Rabies and Bats

Bats are a leading cause of rabies exposure. Among the unusually high number of rabies-related human deaths reported by the CDC in 2021, most of the fatalities were attributed to contact with bats.1,2

Menacing looking bat in flight.

Bats Account for 70% of Human Rabies Infections in the US2

During a 5-week period in late 2021, 3 people in the US were exposed to rabies from contact with bats. One of the individuals handled the bat with bare hands. Another had bats living in their home. None of the 3 received postexposure prophylaxis. All of them contracted rabies and subsequently died from it. The CDC attributes the uptick in fatalities to a lack of awareness about the risks of exposure.1,2

These deaths are especially noteworthy given that human rabies is exceedingly rare in the US. Twenty-five cases of human rabies were reported in the US from 2009 to 2018. There were no reported cases or deaths in 2019 and 2020.2-4

“…this recent spate of cases is a sobering reminder that contact with bats poses a real health risk.”2

— Ryan Wallace, DVM, MPH

Medical professional examining the hand of a patient with a bleeding wound inflicted by a bat that may have rabies.

The Need for Medical Attention

Bat bites do not always leave a visible mark—making them harder to detect. Because bat rabies virus can replicate in epithelial cells, any contact with a bat, even superficial scratches and bites, are cause for concern.2,5,6

Learn About Human Rabies Exposure and the Need for Postexposure Prophylaxis

Important Safety Information for HyperRAB® (rabies immune globulin [human])

Indication and Usage
HYPERRAB® (rabies immune globulin [human]) is indicated for postexposure prophylaxis, along with rabies vaccine, for all persons suspected of exposure to rabies.

Limitations of Use
Persons who have been previously immunized with rabies vaccine and have a confirmed adequate rabies antibody titer should receive only vaccine. For unvaccinated persons, the combination of HYPERRAB and vaccine is recommended for both bite and nonbite exposures regardless of the time interval between exposure and initiation of postexposure prophylaxis. Beyond 7 days (after the first vaccine dose), HYPERRAB is not indicated since an antibody response to vaccine is presumed to have occurred.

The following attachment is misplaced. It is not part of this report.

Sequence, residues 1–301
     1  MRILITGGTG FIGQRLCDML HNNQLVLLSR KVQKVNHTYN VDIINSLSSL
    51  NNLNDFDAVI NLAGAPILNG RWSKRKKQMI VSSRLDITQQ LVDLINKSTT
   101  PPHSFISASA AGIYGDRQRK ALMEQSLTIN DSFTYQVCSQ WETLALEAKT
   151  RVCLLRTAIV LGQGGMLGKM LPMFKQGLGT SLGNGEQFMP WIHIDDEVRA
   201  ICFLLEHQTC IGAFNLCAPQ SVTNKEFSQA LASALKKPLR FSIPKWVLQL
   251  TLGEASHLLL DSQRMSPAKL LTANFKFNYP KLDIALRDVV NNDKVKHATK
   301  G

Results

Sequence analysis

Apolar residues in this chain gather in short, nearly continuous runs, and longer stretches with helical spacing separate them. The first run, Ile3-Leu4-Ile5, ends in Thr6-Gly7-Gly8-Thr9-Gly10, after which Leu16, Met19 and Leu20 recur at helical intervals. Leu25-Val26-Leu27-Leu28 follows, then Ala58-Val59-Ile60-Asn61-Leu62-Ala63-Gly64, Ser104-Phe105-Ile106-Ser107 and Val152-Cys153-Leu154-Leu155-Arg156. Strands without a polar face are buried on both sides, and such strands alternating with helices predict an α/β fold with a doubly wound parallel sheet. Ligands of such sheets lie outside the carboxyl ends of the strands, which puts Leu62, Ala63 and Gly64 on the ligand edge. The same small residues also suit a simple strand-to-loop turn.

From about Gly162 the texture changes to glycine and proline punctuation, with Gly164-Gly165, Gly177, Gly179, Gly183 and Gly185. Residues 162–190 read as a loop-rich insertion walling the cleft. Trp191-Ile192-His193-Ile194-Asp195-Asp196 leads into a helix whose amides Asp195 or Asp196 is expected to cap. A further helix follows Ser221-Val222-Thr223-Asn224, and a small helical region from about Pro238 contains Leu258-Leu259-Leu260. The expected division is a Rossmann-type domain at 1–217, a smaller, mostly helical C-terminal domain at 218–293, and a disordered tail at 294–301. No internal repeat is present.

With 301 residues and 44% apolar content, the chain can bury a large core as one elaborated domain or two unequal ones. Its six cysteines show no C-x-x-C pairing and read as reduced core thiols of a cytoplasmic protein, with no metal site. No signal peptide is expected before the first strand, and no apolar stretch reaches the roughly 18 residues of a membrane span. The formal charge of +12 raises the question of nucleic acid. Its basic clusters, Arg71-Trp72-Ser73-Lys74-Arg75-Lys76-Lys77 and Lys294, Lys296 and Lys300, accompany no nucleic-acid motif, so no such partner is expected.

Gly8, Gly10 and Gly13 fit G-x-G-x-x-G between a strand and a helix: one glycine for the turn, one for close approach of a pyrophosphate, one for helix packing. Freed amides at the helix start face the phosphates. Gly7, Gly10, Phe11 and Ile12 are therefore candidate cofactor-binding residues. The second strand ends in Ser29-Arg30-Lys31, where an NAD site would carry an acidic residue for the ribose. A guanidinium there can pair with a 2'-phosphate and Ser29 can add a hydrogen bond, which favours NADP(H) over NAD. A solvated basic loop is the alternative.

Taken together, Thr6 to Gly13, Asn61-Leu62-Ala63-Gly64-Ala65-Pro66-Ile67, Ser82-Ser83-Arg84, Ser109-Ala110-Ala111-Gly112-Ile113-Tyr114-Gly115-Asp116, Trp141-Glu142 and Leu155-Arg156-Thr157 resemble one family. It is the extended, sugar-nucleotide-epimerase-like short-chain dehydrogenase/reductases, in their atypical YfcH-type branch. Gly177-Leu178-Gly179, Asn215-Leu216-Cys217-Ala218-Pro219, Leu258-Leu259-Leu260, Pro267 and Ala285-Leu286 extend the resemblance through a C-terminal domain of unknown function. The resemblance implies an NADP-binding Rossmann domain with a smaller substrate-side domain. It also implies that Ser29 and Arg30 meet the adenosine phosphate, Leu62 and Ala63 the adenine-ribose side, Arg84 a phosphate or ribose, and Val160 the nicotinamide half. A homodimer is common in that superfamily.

Important Safety Information

For infiltration and intramuscular use only.

Severe hypersensitivity reactions may occur with HYPERRAB. Patients with a history of prior systemic allergic reactions to human immunoglobulin preparations are at a greater risk of developing severe hypersensitivity and anaphylactic reactions. Have epinephrine available for treatment of acute allergic symptoms, should they occur.

HYPERRAB is made from human blood and may carry a risk of transmitting infectious agents, eg, viruses, the variant Creutzfeldt-Jakob disease (vCJD) agent, and, theoretically, the Creutzfeldt-Jakob disease (CJD) agent.

The most common adverse reactions in >5% of subjects during clinical trials were injection-site pain, headache, injection-site nodule, abdominal pain, diarrhea, flatulence, nasal congestion, and oropharyngeal pain.

Do not administer repeated doses of HYPERRAB once vaccine treatment has been initiated as this could prevent the full expression of active immunity expected from the rabies vaccine.

Other antibodies in the HYPERRAB preparation may interfere with the response to live vaccines such as measles, mumps, polio, or rubella. Defer immunization with live vaccines for 4 months after HYPERRAB administration.

Please see full Prescribing Information for HYPERRAB.

You are encouraged to report negative side effects of prescription drugs to the FDA. Visit www.fda.gov/medwatch or call 1-800-FDA-1088


  1. Gross J. U.S. records 5 rabies deaths in 2021, highest number in a decade. The New York Times. https://www.nytimes.com/2022/01/07/health/rabies-deaths.html.
  2. Centers for Disease Control and Prevention (CDC). CDC reports increase in human rabies cases linked to bats in the U.S. Accessed January 24, 2022. https://www.cdc.gov/ media/releases/2022/p0106-human-rabies.html.
  3. Feder H, Petersen B, Robertson K, et al. Rabies: still a uniformly fatal disease? Historical occurrence, epidemiological trends, and paradigm shifts. Curr Infect Dis Rep. 2012;14:408–422.
  4. Centers for Disease Control and Prevention (CDC). Human rabies. Updated September 22, 2021. Accessed April 1, 2022. https://www.cdc.gov/rabies/location/usa/surveillance/human_rabies.html.
  5. Crowcroft NS, Thampi N. The prevention and management of rabies. BMJ. 2015;350:g7827.
  6. Manning SE, Rupprecht CE, Fishbein D, et al. Human rabies prevention—United States, 2008: recommendations of the Advisory Committee on Immunization Practices. MMWR Recomm Rep. 2008;57(RR-3):1-28.